This recipe is creamy, sweet, and wonderfully refreshing.
My sister Sarah Jane enjoys cooking at extreme temperatures. When she's not tossing bagels or pizza rounds into the 750-degree wood-fired oven at her popular summer restaurant in Ontario's cottage country, you can find her tinkering with the ice cream maker, blending fruits and herbs to make luscious frozen desserts.
Although she has tried every flavor under the sun, I think her most delicious recipe is simple lemon ice cream. I don't know where she got the recipe originally, but she has tweaked it to perfection. It is creamy and rich, almost tasting like creme brûlée in ice cream form, though not as sweet as lemon sorbet, which makes it more refreshing.And ever since she gave me an ice cream maker for my birthday several years ago, I've been making lemon ice cream too. It's a special dinner party treat, not only because it's easy and uses ingredients that I always have on hand, but also because it's such a crowd pleaser. Guests are always impressed by homemade ice cream and can't believe how delicious it is.
Now that the weather is hot, it's a perfect time to share this recipe. If you don't have an ice cream maker, here's your excuse to pick one up. (You can find them second-hand online for very little money.) It's a fun little gadget to have, as long as you're committed to experimenting with it.
Sarah Jane's Lemon Ice Cream
- 2 cups whipping cream, separated
- 1 cup whole milk
- 3/4 cup granulated sugar
- pinch salt
- grated zest of 3-4 lemons
- 5 egg yolks
- 1/4 cup freshly squeezed lemon juice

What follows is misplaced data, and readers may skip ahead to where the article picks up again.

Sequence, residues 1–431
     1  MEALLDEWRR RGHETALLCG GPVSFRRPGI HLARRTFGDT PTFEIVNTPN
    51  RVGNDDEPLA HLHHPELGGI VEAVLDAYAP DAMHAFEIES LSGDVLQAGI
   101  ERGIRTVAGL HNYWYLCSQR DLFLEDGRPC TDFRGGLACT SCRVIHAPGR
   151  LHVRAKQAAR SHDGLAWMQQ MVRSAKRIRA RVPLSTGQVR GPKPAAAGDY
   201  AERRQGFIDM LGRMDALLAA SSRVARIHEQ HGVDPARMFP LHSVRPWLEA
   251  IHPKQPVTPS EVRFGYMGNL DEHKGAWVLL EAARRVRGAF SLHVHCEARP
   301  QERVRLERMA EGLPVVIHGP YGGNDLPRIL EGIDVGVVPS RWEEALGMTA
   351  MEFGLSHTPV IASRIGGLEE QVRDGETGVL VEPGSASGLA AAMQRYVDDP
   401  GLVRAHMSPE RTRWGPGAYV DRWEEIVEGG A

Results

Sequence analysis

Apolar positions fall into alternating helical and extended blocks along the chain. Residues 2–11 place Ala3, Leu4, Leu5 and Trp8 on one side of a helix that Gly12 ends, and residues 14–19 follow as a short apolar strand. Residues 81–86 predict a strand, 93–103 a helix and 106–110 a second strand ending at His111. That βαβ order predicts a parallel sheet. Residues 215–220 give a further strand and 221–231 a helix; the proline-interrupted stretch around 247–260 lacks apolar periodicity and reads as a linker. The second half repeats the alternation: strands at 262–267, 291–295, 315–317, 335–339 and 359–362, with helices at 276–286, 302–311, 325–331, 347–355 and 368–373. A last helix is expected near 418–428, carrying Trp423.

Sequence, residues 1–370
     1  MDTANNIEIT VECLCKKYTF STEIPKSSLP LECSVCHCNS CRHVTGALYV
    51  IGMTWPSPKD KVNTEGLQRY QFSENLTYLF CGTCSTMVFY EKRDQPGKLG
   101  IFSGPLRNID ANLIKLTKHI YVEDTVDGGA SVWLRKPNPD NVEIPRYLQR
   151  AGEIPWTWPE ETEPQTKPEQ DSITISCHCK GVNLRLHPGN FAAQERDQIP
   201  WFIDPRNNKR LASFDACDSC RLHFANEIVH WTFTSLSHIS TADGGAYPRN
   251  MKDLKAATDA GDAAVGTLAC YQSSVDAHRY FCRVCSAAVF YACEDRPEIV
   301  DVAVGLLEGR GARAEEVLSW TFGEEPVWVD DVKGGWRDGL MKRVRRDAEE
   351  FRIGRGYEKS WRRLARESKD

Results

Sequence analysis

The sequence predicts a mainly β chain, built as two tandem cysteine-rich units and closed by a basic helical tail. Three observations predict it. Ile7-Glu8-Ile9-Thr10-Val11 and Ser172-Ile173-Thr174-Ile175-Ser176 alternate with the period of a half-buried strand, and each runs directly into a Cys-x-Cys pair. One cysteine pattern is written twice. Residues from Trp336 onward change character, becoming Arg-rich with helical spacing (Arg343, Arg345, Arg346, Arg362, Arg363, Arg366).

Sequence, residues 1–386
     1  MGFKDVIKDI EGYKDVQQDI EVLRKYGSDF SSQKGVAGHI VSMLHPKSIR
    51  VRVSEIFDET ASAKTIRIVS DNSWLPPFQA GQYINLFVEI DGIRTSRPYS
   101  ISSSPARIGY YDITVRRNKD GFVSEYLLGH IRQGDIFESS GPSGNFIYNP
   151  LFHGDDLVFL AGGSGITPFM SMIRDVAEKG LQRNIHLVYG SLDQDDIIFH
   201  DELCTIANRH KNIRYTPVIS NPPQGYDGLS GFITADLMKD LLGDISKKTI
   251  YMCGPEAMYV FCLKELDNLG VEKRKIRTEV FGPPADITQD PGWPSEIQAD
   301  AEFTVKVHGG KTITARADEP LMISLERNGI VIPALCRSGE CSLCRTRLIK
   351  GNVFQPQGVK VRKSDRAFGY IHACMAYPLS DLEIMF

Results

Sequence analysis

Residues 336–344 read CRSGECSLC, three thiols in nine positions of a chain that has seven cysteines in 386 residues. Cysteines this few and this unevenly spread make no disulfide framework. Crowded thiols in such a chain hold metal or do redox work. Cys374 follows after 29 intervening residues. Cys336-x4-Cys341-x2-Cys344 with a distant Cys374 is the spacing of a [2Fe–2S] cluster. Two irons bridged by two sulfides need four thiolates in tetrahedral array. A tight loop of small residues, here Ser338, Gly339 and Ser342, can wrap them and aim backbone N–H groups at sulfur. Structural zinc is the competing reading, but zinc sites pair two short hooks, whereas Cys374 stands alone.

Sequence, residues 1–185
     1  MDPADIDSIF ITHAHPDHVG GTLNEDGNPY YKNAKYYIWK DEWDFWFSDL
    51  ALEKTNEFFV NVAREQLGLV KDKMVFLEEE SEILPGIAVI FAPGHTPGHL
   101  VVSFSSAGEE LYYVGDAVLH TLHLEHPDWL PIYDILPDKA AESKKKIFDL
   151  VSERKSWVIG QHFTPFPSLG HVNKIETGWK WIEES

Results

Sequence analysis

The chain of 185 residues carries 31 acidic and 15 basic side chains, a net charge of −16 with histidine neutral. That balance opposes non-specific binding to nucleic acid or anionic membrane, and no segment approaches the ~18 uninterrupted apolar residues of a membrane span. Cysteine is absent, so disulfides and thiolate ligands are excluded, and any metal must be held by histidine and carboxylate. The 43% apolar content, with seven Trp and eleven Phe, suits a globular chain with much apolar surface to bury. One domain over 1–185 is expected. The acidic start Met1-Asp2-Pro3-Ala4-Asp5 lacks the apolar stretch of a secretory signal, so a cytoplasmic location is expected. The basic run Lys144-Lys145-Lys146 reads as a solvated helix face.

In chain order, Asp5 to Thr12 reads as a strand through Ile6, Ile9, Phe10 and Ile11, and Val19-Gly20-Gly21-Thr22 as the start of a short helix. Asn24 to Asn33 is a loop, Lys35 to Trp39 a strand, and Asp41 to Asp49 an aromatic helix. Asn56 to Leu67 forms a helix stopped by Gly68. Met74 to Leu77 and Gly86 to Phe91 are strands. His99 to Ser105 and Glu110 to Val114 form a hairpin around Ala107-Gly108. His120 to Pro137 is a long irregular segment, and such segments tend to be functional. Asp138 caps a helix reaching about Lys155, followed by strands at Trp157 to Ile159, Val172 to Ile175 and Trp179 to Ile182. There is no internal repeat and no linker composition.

Put 1 cup whipping cream, milk, sugar, salt, and grated lemon zest in a heavy saucepan. Heat until tiny bubbles form around the edge and sugar is dissolved. Do not boil. Remove from heat, cover, and let sit 1 hour.
Lightly beat the egg yolks in a heatproof bowl. Reheat cream mixture to the tiny bubble stage. Temper the eggs by adding a few spoonfuls of hot cream mixture and mixing well, then dump it all back into the pot.
Heat slowly until it thickens slightly. It should be thick enough to cover the back of a wooden spoon and leave a path if you drag your finger through it. Don’t thicken too much, only to a pudding consistency, or it will get grainy.
Pour the remaining cup whipping cream into a heatproof bowl. Place strainer over top. Strain the cream/egg mixture into the cream. Mix.
Add the freshly squeezed lemon juice. Chill in fridge for several hours. Churn in ice cream maker for 20-25 minutes, then transfer to container to freeze.
Variations: Instead of lemon rind, you can infuse with 1 cup crushed fresh mint leaves or 1 cup coffee beans crushed with a rolling pin.